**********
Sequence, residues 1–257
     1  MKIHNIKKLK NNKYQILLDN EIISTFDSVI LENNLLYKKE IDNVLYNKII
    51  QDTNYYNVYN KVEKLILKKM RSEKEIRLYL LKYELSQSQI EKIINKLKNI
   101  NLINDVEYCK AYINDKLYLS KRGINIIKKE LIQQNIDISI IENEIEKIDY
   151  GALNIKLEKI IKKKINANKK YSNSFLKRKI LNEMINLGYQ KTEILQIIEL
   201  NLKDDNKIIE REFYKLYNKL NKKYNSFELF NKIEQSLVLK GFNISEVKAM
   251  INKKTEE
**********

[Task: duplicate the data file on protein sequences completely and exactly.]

Sequence, residues 1–257
     1  MKIHNIKKLK NNKYQILLDN EIISTFDSVI LENNLLYKKE IDNVLYNKII
    51  QDTNYYNVYN KVEKLILKKM RSEKEIRLYL LKYELSQSQI EKIINKLKNI
   101  NLINDVEYCK AYINDKLYLS KRGINIIKKE LIQQNIDISI IENEIEKIDY
   151  GALNIKLEKI IKKKINANKK YSNSFLKRKI LNEMINLGYQ KTEILQIIEL
   201  NLKDDNKIIE REFYKLYNKL NKKYNSFELF NKIEQSLVLK GFNISEVKAM
   251  INKKTEE